What is our trading focus?
Nasdaq 100 (USNAS100.I) and S&P 500 (US500.I) - the dovish Jackson Hole event disappointed the bond bears and sent equities higher with Nasdaq 100 futures posting a new all-time high on the close on Friday. Nasdaq 100 futures are extending the gains in early European trading sitting around the 15,440 level.
EURUSD – the reversal and close near 1.1800 on Friday in the wake of the dovish speech from Fed Chair Powell supports the bullish case as it more firmly reverses the recent attempt below the key 1.1700 area. At the start of this week, it will be important for bulls to see follow through to the upside toward the range high since June just above 1.1900, while a reversal back below 1.1750 would represent a disappointment and keep the tactical outlook in limbo.
AUDUSD – as with other USD pairs, the move into the close on Friday in the wake of the Fed Chair Powell speech and whether it holds is the critical tactical focus at the start of the week. That Friday action took AUDUSD into the key 0.7300+ area that reverses most of the prior sell-off wave, but the price action is not sufficiently clear of the 0.7304 Fib level (61.8% retracement of the wave from the Aug high to recent 0.7106 low) to fully neutralize the latest leg of the down-trend just yet. In fact, a fairly modest move back below 0.7250 could topple last week’s reversal attempt – in either case, we are in a pivotal zone.
Gold (XAUUSD) - Gold cleared the recent high above 1,2800 and the 200-day moving average a bit higher still near 1,810 on Friday in the wake of the dovish speech from Fed Chair Powell, with traders now focusing on the range highs just below 1,835 that were tested three times in July and into early August as the key to unlocking further gains toward the next key zone above 1,900.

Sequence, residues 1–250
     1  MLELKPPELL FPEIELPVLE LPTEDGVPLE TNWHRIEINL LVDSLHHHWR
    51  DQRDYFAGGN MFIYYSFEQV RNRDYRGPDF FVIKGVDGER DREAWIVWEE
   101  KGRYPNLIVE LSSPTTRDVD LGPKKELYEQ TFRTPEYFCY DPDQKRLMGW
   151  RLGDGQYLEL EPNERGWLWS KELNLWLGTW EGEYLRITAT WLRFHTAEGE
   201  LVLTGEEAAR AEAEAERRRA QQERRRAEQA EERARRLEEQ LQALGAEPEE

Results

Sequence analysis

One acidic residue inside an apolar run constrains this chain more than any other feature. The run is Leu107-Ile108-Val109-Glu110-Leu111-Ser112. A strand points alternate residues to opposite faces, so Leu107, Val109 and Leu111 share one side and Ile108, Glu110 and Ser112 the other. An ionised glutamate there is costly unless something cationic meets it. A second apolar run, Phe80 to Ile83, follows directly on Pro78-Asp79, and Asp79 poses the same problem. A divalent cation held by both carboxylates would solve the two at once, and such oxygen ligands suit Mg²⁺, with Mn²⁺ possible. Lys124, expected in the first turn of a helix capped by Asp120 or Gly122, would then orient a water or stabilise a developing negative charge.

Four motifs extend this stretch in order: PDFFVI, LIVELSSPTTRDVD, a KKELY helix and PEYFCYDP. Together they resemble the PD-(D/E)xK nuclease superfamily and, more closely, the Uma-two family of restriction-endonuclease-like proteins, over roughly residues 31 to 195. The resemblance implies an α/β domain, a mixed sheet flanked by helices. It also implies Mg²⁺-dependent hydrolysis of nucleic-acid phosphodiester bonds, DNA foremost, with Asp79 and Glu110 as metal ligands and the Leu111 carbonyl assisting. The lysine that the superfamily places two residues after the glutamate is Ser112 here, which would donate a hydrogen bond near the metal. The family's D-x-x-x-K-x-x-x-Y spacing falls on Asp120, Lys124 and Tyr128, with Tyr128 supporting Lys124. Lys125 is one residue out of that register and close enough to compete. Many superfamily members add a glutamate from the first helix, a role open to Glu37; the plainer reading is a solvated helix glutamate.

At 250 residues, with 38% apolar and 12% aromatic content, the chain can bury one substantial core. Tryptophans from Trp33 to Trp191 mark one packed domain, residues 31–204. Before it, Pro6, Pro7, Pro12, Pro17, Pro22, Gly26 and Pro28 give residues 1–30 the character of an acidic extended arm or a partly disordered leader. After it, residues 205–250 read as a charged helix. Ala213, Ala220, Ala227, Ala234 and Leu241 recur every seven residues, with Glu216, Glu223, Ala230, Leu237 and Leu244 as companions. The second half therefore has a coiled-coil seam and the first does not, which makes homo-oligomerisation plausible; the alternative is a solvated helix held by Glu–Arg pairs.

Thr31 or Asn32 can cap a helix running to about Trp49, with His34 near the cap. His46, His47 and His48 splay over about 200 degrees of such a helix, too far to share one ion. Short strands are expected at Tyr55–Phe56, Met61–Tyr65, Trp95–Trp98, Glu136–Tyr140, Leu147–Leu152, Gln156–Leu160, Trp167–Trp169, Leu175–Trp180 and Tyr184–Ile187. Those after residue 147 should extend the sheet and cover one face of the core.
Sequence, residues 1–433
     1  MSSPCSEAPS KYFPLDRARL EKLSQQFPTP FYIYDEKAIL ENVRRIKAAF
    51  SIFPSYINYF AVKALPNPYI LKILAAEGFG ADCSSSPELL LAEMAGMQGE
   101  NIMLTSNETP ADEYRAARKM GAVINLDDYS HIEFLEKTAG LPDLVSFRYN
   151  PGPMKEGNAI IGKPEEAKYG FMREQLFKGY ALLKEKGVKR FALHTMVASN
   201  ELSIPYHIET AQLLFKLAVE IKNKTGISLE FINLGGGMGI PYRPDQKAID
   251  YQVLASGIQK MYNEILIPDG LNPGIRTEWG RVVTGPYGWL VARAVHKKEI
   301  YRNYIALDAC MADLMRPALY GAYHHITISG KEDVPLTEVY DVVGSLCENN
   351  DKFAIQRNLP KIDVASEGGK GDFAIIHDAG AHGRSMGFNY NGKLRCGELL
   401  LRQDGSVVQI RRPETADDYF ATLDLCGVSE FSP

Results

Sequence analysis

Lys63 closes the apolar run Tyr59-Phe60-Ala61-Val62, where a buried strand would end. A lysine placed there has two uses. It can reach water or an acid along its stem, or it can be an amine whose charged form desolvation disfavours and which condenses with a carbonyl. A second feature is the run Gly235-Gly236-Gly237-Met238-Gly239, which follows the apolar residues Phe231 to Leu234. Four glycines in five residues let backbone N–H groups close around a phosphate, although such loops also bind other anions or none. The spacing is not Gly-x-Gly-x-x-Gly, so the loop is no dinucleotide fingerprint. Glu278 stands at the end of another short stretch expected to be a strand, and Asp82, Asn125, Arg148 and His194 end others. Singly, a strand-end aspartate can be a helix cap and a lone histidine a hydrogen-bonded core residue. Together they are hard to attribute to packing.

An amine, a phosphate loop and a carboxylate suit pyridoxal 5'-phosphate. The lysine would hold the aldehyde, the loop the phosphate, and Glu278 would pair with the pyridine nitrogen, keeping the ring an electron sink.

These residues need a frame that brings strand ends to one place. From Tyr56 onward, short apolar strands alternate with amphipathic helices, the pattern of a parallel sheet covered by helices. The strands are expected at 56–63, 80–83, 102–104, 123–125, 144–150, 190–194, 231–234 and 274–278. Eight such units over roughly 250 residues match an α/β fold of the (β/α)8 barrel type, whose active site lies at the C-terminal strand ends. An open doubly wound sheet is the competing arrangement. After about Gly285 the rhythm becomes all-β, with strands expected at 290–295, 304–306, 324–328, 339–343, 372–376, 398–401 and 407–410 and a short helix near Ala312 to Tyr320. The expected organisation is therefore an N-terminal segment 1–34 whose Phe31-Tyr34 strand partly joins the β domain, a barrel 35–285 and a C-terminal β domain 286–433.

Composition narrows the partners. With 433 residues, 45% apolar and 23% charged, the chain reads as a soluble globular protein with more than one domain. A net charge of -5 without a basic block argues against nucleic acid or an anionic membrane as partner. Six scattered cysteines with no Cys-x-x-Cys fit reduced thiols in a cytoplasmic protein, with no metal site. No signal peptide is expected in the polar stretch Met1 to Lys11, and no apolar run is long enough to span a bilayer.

Crude Oil (OILUSOCT21 & OILUKOCT21) - oil futures were modestly bid ahead of the weekend on top of the huge snap-back rally from multi-month lows last week. But after gapping higher overnight on the powerful hurricane hitting a region in the US with significant refining capacity (more below), the price action has faded as traders await assessments of any damage done. Some 1.75M barrels/day of US oil production capacity was also shut ahead of the storm impact.
This week’s non-farm payrolls are key for the bond market (IEF:xnas, TLT:xnas). Powell’s speech at Jackson Hole put a lot of focus on this week’s job numbers as they will influence the central bank’s decision regarding when to begin tapering purchases under the QE program. If job figures exceed expectations, we anticipate a tapering announcement already by September’s FOMC and beginning as soon as October. In that case, we will see yields rising and the yield curve steepening with the 10-year yields rising as high as 1.5% ahead of the Fed meeting. In case job numbers disappoint, tapering may be delayed, giving a boost to US Treasuries. In that case, 10-year yields could drop again to test 1.12%. Any rally would be short-lived as we expect a revival of reflation trade in autumn.
What is going on?